Chase Utley will retire at season's end, capping a Hall of Fame-worthy career
Chase Utley is in the midst of his 16th season at the big-league level. It will be his last.
Currently in his third full season with the Los Angeles Dodgers, Utley announced in a press conference on Friday that he will retire at the end of the year.
Though Utley has not been an effective player this season (he entered Friday with a 77 OPS+), he was without a doubt one of the best second baseman of his era — and could well find himself in Cooperstown down the road.
Utley made six All-Star teams, won four Silver Slugger Awards, and earned MVP votes in five consecutive season. He’s a career .276/.358/.466 hitter who, from 2005-13, hit .290/.378/.503 with 202 home runs and 123 stolen bases.
Here’s a look at where he ranks among second basemen since he debuted in 2003:
- Hits: fourth
- Doubles: second
- Home runs: second
- Runs batted in: second
- Stolen bases: sixth
- Batting average: 26th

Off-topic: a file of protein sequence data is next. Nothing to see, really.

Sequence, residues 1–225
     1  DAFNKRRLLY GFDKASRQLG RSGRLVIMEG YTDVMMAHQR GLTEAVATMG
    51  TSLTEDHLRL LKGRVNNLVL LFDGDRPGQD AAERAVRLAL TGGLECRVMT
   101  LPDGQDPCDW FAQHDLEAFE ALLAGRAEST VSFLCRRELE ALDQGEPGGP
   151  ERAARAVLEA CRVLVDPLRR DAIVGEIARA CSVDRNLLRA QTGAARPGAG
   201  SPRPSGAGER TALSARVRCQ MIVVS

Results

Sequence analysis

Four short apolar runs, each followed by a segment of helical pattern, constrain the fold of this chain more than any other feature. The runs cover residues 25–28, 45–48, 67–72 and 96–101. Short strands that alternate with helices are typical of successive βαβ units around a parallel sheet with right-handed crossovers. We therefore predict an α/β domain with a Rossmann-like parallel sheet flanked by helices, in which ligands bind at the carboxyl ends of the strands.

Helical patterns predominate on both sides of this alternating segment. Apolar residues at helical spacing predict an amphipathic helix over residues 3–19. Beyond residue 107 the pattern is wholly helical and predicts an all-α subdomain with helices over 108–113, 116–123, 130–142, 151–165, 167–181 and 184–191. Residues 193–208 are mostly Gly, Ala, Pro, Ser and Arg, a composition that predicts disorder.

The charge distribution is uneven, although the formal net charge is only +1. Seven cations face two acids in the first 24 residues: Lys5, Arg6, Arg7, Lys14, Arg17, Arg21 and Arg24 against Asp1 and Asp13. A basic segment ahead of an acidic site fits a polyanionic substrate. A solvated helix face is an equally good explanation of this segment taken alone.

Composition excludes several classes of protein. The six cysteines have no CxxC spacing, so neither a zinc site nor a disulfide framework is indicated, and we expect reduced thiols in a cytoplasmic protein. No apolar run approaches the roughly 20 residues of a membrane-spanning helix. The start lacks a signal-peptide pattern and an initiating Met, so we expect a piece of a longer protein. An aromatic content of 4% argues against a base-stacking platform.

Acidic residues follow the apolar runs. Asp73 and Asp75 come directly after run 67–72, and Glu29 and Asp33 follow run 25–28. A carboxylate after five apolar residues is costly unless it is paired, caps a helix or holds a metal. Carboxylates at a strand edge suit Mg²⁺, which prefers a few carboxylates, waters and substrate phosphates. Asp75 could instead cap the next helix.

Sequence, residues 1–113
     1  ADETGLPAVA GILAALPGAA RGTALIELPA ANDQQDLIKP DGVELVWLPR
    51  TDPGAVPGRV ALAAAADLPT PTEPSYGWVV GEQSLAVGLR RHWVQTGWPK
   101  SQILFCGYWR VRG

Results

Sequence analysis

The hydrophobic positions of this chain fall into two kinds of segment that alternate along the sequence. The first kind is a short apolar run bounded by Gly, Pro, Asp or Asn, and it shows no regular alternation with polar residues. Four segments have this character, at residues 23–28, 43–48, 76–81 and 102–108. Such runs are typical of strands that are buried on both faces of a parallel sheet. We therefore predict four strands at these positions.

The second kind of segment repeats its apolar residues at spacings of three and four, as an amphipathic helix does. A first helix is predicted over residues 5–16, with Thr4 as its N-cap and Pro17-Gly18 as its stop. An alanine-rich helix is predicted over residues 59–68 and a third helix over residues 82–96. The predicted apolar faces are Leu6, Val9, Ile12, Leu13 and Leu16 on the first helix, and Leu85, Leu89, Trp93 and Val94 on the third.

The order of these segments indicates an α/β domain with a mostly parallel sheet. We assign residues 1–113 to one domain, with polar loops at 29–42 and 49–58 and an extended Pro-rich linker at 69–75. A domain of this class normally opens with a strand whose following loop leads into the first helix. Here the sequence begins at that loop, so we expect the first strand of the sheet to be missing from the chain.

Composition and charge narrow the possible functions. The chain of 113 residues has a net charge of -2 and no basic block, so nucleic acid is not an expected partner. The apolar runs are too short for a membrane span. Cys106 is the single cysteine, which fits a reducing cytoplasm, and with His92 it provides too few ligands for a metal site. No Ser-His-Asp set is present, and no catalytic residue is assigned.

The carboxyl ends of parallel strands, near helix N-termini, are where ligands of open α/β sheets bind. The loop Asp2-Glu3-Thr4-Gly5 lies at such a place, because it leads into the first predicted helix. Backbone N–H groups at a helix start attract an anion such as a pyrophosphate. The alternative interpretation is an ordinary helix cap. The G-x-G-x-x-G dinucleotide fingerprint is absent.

- On-base percentage: eighth
- Slugging percentage: third
- Wins Above Replacement: second
Robinson Cano is the one second baseman with more WAR than Utley since 2003. Meanwhile, Ian Kinsler is the only other second baseman within 10 wins of Utley. (Dustin Pedroia is 13 wins back, and Ben Zobrist is 21 wins behind.) Utley’s advanced metrics stack up well historically, too. His 65.6 career WAR includes 49.3 coming during his peak. The average Hall of Fame second baseman, for reference, notched 69.5 career WAR with 44.5 coming during their peak.
Obviously Utley’s Hall of Fame chances will be dictated by years of coming argument. But he has a real case. Add in how he was a pivotal part of some great Philadelphia Phillies teams, including the 2008 World Series champions, and he could get the nod from those who prefer their Hall of Famers to have enjoyed team success in addition to individual accolades.
Of course any discussion of Utley’s career is not complete without mentioning his takeout slide on Ruben Tejada during the 2015 postseason. The league subsequently changed the rules concerning how baserunners were allowed to slide. Tejada, for his part, never recovered to play as he did before the incident.